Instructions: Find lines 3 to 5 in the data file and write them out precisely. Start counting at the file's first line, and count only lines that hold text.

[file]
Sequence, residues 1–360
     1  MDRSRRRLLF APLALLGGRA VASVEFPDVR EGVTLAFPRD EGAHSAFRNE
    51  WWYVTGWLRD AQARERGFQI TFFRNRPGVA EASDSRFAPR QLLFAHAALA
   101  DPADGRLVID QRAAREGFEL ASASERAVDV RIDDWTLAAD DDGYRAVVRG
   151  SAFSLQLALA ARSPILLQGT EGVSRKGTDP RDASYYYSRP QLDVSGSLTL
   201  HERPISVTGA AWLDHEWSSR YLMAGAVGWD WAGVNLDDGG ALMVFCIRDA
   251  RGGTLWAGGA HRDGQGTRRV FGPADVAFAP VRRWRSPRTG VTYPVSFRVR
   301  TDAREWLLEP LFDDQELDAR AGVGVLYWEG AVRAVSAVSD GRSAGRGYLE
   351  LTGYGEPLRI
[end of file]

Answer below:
    51  WWYVTGWLRD AQARERGFQI TFFRNRPGVA EASDSRFAPR QLLFAHAALA
   101  DPADGRLVID QRAAREGFEL ASASERAVDV RIDDWTLAAD DDGYRAVVRG
   151  SAFSLQLALA ARSPILLQGT EGVSRKGTDP RDASYYYSRP QLDVSGSLTL